Minnesota Crisis Connection hotline shutting down end of June

A major resource for adults and young people in crisis is shutting down at the end of the month.

When Governor Mark Dayton vetoed the budget two weeks ago that meant the end of the Crisis Connection, a crisis call center run by Canvas Health. The phones will stop ringing June 30. Without funding from the state, the crisis hotline cannot continue operating.

“It’s surreal, it’s hard to believe,” said Daniel Mrotek of Crisis Connection.

Suicide is the second leading cause of death in Minnesota for young people between the ages of 10 to 24. Crisis Connection staff and volunteers are trained better than most in Minnesota to handle such situations and it's the only certified call center in the state.

“We are the only American Association of Suicidology accredited crisis center, call center for the state of Minnesota and that’s a big loss,” said Mrotek. “That will leave us as one of two states without National Suicide Prevention Lifeline crisis center.”

“We go through a process,” said Matt Eastwood of Canvas Health. “We have policies and procedures, we have to follow certain rules, we have to meet certain standards to even operate our call center. And have all of our staff and our volunteers trained at a certain level.”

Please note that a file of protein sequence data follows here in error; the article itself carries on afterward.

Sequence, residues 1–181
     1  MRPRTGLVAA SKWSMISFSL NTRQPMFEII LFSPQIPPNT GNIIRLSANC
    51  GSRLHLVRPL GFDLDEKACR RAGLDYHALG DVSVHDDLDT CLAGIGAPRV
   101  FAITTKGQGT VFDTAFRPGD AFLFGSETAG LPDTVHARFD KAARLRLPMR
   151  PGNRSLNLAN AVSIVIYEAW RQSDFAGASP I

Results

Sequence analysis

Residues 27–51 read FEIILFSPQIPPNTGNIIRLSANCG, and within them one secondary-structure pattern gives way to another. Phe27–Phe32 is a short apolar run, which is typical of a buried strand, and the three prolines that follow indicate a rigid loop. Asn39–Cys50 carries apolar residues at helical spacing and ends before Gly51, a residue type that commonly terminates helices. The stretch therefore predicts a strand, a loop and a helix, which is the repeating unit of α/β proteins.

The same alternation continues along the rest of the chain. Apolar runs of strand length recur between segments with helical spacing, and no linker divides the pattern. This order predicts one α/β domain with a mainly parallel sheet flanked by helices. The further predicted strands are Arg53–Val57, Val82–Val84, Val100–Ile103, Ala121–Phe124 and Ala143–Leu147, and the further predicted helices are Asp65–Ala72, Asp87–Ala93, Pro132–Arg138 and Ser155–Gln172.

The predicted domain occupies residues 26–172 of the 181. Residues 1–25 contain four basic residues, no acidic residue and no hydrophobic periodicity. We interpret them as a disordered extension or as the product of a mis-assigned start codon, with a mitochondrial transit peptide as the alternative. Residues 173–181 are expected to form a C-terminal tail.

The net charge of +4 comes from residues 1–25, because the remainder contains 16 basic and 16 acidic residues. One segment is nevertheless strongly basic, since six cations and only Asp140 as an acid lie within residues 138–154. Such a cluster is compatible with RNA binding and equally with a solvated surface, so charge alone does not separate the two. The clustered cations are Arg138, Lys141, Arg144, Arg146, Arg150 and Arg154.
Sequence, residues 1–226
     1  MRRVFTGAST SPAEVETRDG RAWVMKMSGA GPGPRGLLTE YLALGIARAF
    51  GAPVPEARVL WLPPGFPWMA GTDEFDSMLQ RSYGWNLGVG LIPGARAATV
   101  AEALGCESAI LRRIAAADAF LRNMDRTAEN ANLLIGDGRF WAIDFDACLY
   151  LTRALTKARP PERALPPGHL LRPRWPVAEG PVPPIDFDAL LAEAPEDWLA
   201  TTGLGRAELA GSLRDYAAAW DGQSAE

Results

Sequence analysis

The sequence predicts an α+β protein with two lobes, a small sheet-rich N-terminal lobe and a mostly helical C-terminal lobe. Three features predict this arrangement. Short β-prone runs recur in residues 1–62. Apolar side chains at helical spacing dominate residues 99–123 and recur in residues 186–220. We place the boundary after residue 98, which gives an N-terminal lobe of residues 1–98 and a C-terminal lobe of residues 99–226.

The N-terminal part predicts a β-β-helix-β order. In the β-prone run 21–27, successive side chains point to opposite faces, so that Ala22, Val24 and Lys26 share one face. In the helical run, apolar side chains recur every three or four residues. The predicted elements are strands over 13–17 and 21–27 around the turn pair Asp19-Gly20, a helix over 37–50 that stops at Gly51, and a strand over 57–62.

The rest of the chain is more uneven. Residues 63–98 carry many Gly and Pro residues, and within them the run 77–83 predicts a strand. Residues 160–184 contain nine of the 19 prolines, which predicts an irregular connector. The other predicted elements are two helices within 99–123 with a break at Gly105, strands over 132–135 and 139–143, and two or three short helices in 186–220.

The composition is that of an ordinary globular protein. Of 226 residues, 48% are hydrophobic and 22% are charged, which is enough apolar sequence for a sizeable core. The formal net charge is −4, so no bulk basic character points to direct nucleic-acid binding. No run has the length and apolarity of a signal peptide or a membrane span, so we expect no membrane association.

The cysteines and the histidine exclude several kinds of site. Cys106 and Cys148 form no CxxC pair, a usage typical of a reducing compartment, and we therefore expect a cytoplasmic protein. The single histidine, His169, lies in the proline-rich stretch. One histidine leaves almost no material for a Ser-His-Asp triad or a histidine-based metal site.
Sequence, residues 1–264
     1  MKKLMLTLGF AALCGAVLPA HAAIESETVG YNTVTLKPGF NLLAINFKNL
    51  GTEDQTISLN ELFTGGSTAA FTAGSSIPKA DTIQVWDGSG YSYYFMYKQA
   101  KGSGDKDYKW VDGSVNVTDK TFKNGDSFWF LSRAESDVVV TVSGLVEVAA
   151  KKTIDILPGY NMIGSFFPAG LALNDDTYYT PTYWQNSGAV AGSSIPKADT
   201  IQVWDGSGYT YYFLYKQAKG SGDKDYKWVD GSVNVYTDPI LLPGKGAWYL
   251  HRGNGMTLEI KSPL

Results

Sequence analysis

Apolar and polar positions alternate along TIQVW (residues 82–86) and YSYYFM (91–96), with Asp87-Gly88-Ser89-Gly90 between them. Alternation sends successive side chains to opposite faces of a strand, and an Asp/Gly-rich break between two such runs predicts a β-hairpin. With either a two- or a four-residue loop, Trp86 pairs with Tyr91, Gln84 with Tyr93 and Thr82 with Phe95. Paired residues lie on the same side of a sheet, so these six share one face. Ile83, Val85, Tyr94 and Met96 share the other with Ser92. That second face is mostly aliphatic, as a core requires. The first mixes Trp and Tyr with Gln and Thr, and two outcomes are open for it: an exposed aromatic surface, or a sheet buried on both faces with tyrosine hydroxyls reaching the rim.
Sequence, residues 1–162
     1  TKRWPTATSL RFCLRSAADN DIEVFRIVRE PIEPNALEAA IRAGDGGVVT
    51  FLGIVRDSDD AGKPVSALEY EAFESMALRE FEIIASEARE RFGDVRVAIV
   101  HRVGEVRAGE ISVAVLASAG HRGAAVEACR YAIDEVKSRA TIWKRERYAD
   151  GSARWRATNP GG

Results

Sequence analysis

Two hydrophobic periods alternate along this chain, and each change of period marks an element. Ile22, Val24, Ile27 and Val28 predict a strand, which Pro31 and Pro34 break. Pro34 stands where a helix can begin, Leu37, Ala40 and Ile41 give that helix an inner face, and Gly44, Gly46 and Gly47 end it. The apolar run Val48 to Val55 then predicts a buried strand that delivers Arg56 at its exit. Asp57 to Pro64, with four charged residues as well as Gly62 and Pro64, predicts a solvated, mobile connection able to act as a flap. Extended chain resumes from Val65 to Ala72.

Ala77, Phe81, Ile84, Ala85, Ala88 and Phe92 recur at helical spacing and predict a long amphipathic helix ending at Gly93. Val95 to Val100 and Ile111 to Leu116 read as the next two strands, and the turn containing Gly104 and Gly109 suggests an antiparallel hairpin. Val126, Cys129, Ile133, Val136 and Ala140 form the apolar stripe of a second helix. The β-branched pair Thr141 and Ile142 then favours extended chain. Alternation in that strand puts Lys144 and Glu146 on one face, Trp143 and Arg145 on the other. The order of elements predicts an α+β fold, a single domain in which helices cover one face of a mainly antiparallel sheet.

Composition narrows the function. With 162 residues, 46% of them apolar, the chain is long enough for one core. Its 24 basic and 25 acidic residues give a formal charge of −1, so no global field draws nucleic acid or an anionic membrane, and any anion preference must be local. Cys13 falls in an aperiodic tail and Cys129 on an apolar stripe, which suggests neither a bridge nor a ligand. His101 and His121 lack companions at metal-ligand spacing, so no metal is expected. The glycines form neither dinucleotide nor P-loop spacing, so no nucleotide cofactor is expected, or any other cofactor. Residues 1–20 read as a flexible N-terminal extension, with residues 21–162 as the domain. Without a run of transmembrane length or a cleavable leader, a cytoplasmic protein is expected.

It’s also the only center that has a local therapist when someone calls the National Suicide Prevention Lifeline. Now, those calls will be answered out of state.

“We know the resources in the state,” said Eastwood. “We’re very familiar with them. We know the culture of the people in the state of Minnesota in a little bit different way than you might if you were in Omaha, if you were responding to a call from Minnesota.”

There will still be a variety of resources available in Minnesota to those in need, but a very important piece of the suicide safety net is gone.

“Crisis Connection has been around since 1969 and offering a crisis service, their motto has been ‘So that no one in crisis will ever be alone,’” said Eastwood. “That’s why they exist that’s why they’ve been there and that’s the work they’ve done for nearly 50 years.”


If you believe someone is at risk of suicide:

- Ask them if they are thinking about killing themselves. (This will not put the idea into their heads, or make it more likely that they will attempt suicide.)

- Call the U.S. National Suicide Prevention Lifeline at 800-273-TALK (8255).

- Take the person to an emergency room or seek help from a medical or mental health professional.

- Remove any objects that could be used in a suicide attempt.

- If possible, do not leave the person alone.